/ /

  • linkedin
  • Increase Font
  • Sharebar

    Acute migraine sufferers may find relief with beta-blocker eye drops

    Case building for this promising, yet unexplored therapy with push for clinical trial

    Take-home message: A small case series of patients has shown that use of beta-blocker drops may be a simple and inexpensive way to eliminate pain in patients with acute migraines.


    Kansas City, MO :: Millions of patients suffer from migraines and their physicians historically have gone through herculean efforts to find pain relief, but interestingly an inexpensive and effective drug may literally be sitting on the shelf and waiting to be tested in clinical trials.

    Beta-blocker eye drops, used to treat glaucoma, have been shown in a series of patients to provide almost complete pain relief from acute migraine over years of use at very low cost to the patients.

    Carl Migliazzo, MD, an ophthalmologist in private practice in Kansas City, MO, has been focused on investigations into the usefulness of this therapy for acute migraines for decades. John C. Hagan III, MD, who is also in private practice in Kansas City, recently joined Dr. Migliazzo in this effort.

    Both investigators noted that while daily oral beta-blockers, such as timolol, betaxolol, levobunolol, metipranolol, and carteolol, have been used routinely to prevent chronic migraines, the drugs do not stop acute onset migraines after the onset of symptoms.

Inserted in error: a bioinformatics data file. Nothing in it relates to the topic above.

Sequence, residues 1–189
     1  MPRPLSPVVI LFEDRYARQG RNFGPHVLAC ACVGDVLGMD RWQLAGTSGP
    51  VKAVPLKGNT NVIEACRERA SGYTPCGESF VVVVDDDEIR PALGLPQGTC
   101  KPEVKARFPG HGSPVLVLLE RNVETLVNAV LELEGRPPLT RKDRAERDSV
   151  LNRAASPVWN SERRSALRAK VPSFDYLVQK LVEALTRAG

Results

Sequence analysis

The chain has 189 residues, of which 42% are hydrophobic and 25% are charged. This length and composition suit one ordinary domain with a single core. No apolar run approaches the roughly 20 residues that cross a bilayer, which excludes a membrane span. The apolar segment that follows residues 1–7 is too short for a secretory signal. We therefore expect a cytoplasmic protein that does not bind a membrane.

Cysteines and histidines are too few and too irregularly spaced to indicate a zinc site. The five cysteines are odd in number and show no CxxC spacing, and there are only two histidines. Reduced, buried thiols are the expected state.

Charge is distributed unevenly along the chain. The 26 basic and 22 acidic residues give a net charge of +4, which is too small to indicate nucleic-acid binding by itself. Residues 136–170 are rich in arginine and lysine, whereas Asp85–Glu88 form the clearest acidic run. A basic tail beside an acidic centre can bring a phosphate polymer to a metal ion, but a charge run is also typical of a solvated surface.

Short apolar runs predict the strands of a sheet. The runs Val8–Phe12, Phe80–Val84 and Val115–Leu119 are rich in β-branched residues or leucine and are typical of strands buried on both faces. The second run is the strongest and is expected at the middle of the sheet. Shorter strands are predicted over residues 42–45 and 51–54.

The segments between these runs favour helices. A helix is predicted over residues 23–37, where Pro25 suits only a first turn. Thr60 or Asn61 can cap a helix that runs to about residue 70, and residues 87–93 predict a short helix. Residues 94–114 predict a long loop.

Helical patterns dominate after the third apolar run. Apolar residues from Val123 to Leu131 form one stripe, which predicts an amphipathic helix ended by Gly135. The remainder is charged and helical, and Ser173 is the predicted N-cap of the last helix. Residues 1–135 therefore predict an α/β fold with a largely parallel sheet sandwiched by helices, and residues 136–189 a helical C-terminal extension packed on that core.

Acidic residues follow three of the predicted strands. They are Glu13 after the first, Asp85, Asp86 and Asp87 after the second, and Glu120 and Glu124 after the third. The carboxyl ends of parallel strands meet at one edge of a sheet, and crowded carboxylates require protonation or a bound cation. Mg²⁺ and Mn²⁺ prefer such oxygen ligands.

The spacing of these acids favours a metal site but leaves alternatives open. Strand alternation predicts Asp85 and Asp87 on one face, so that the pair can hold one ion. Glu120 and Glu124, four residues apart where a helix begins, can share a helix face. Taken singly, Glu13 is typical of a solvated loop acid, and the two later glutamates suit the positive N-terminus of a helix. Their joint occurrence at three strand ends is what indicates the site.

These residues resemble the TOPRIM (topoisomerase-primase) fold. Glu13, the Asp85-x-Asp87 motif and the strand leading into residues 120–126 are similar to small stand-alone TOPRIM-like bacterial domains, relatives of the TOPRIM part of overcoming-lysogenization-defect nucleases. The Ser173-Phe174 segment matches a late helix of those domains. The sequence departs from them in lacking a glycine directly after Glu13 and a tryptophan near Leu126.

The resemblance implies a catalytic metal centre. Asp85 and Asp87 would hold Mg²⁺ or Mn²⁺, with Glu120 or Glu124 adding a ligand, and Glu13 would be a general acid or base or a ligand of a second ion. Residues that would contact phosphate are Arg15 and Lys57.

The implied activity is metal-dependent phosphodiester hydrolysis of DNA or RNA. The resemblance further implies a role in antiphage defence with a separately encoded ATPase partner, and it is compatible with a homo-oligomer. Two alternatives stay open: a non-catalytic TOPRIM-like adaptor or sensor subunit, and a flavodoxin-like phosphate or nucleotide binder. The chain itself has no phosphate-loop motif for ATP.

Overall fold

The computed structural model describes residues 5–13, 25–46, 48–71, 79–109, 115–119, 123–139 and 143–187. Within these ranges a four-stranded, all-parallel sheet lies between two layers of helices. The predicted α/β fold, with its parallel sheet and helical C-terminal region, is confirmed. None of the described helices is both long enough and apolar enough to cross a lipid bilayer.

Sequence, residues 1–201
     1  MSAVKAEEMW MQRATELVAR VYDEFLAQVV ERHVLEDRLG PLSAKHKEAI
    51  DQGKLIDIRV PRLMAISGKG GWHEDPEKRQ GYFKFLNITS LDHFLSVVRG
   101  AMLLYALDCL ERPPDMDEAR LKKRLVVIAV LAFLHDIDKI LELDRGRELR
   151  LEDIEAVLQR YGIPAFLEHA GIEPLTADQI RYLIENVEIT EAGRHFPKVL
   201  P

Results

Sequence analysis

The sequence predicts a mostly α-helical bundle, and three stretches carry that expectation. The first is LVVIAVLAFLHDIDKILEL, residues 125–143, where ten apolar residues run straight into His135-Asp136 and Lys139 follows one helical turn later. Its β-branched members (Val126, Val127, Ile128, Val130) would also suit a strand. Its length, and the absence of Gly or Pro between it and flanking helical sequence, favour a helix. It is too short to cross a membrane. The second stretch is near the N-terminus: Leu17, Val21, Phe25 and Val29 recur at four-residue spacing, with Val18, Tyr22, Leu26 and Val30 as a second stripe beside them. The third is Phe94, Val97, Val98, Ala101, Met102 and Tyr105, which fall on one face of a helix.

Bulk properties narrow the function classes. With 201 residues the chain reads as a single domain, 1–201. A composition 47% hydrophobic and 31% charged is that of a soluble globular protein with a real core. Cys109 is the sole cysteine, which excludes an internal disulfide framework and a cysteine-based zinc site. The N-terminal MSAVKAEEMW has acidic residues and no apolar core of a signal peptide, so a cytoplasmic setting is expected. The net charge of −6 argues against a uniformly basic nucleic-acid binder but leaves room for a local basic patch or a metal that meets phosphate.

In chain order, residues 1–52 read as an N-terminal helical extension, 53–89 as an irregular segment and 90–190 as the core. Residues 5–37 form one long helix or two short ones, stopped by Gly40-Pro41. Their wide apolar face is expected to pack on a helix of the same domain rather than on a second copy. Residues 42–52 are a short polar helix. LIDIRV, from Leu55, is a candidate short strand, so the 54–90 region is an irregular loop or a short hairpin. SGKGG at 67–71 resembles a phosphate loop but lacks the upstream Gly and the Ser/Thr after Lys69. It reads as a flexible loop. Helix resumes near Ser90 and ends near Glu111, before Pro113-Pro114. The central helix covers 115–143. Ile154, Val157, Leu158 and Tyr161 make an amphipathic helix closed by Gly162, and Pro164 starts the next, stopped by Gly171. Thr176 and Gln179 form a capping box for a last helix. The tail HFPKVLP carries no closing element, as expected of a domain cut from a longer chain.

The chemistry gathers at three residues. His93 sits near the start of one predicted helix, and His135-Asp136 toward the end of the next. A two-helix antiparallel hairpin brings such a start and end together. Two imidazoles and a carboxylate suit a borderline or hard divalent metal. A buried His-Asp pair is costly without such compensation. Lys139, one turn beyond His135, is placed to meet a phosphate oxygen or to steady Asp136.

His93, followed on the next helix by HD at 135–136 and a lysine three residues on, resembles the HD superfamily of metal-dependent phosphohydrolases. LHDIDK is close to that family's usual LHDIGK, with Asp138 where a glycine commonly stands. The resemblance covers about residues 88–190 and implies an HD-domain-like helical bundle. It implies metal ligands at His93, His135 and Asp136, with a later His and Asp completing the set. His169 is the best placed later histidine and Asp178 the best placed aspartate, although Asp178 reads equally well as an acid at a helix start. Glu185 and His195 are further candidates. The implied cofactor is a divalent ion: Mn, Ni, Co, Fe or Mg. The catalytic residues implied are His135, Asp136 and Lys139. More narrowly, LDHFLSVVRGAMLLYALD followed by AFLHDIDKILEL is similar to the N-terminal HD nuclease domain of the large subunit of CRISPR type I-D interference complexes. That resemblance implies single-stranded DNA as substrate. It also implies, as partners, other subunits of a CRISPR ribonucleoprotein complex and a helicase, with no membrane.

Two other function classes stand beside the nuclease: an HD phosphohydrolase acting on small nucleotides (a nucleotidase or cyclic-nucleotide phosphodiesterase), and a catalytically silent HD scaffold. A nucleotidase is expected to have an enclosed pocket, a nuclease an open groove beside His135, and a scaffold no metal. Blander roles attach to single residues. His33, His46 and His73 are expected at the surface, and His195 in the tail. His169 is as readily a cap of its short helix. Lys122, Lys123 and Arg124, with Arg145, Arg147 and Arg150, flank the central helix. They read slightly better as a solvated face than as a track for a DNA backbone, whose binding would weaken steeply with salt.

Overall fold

Its mechanism

    The mechanism of action of the drops, the authors believe, is the passage of the beta-blockers into the nasal cavity and their rapid absorption into the blood vessels.

    “Within a few minutes, the blood level of the beta-blocker is increased sufficiently to stop the escalating migraine headache," Dr. Hagan said. "This action would explain the success of the beta-blocking eye drops and the failure of the oral medications, as delivery through the eyes is much quicker than through the gastrointestinal system.”

    In some of their most recent work published in the July/August 2014 issue of Missouri Medicine, the investigators evaluated the effects of timolol 0.25% and 0.5% and levobunolol 0.5% in seven women who used the eye drops when they first experienced migraine symptoms. According to Dr. Hagan, the women used these treatments over years, and the patients reported nearly complete pain relief and few adverse effects.

    Case reports

    New Call-to-action


    You must be signed in to leave a comment. Registering is fast and free!

    All comments must follow the ModernMedicine Network community rules and terms of use, and will be moderated. ModernMedicine reserves the right to use the comments we receive, in whole or in part,in any medium. See also the Terms of Use, Privacy Policy and Community FAQ.

    • No comments available


    View Results